Submitted by Corleen Folkers Morris, Granddaughter

Charles F. Folkers
Grace M. (Garrels) Folkers

Charles F. Folkers was born to Fred and Taalke Folkers on December 1, 1861 in Benson, Illinois. He was baptized and raised in the Lutheran faith. His parents emigrated from Germany in 1852.

Grace M. (Garrels) Folkers was born to Fred and Almina Garrels on August 21, 1866 in Remels, Germany. She was baptized and raised in the Lutheran faith. She immigrated to America with her father in 1882 settling in Benson, Illinois joining several brothers who had arrived earlier.

Charles (more commonly known as Charlie) came to Trego County, Kansas and filed a homestead claim on the NW/4 of 32-13-23 in March 1886 and built a small house on his homestead establishing residency in September 1886. He spent his first winter in a dugout. After living on this homestead for seven years and making improvements he acquired title to this land in 1893.

Charles filed a timber claim September 1886 on the SW/4 of Section 32-13-23. The summer of 1886 was spent in improving his claim. The first year he cultivated 5 acres and the second year he cultivated 6 acres. The third year he planted 5 acres of cottonwood and willow cuttings along with walnut, hickory and pecan nuts. The fourth year he planted an additional 6 acres and replanted the original 5 acres to locust, walnut, maple, box elder and catalpa trees. After 13 years of planting and cultivating trees he acquired the timber claim title in 1899.

In January 1887 Charles went back to Benson, Illinois and married Grace. They returned to Trego County and lived their entire lives on this homestead raising 9 children, 7 boys and 2 girls – Fred, Theodore (Wally), Carl (Karl), Minnie, Herman, George, Dora, Otto and Richard. Their homestead was located 9 miles south, 1 mile west and 1/2 mile south of WaKeeney. They were members of the Zion Lutheran Church at Trego Center. The children attended the Excelsior, District #28, country school.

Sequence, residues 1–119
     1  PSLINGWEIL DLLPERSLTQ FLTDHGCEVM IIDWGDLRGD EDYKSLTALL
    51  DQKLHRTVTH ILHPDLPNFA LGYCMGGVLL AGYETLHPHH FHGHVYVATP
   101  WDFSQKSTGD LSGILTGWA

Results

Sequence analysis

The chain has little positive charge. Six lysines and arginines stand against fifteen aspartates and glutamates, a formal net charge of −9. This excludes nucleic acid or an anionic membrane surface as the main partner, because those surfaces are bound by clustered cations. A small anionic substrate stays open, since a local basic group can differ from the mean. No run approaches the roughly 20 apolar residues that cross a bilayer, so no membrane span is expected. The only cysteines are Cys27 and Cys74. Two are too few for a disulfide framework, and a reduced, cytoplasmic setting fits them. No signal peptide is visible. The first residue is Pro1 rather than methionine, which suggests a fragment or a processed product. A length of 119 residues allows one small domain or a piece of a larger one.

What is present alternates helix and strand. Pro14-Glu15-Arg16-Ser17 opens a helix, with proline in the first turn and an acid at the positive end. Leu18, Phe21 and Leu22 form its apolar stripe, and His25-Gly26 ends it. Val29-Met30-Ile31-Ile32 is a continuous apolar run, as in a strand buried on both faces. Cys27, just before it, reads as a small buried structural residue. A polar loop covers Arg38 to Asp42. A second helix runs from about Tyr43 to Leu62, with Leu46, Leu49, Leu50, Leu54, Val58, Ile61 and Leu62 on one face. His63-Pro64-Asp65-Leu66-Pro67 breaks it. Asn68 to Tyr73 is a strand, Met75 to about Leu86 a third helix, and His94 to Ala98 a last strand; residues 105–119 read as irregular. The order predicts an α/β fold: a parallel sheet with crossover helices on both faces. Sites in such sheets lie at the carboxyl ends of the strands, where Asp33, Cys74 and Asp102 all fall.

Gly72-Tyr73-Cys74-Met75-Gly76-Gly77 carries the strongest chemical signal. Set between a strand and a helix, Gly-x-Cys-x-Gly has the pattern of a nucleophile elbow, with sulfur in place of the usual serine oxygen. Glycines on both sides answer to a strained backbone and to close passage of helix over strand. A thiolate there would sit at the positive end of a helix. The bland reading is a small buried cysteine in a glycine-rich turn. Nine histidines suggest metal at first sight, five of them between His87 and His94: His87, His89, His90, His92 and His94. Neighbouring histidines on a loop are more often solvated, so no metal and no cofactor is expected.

They enlarged their original house twice to meet the needs
of their growing family.
This was their family and farm in 1896.

Times were tough in those early days and for 5 months of the 1889-1890 winter they lived and worked off their homestead to make a living.

This was the family home in 1917.

This was their family farm in the early 1920’s.

One of Charles’ barns was built from the stone out of the Smoky River bluffs about 5-7 miles south of their farm. It took all day to make one trip with a team of horses and wagon traveling to the bluffs to cut out the stones, load them in the wagon, travel home and unload them. There were many of these trips made for the building of this barn.

In the years before telephones if these early settlers needed or wanted their neighbors for something, they would run a flag up the windmill. When a neighbor saw this flag they would come and see how they could help.

To his original 320 acres embraced in the homestead and timber claims Charles added 2,400 acres of Trego County land, and title to these acres was never encumbered by a mortgage lien. His four married sons and one daughter lived on and rented many of these quarters from their dad. Charles owned the NE/4 of Section 32-13-23 and out of this quarter he gave land to the Zion Lutheran Church congregation at Trego Center for their church building on which the church still stands. He sold them the land for the cemetery and the parsonage.

Charles was a prominent businessman and farmer raising crops and cattle. He was the owner of a French Draft (Percheron) stallion – Bijou. Farmers from all over the county would bring their mares to be bred by this celebrated Bijou.

Charles and Grace were well thought of and respected in the community and took an active interest in community affairs. They had barn dances and one article in the June 1900 WaKeeney newspaper stated “The dance at Mr. Folkers last Friday night was well attended, there were about 175 present. The people came from far and near. Late in the evening a supper and ice cream, coffee and lemonade was served. Mr. and Mrs. Folkers are the best entertainers and it is concluded that it was the most pleasant entertainment given in the county for years.”

Charles and Grace celebrated their 50th Wedding Anniversary in 1937
at the ages of 75 and 70.

Charles Folkers Obit
Grace Folkers Obit

Charles died in 1946 and Grace in 1955. They are buried in the WaKeeney City Cemetery. They lived an active life albeit a struggle for many years enduring the hardships and trials of homesteaders.

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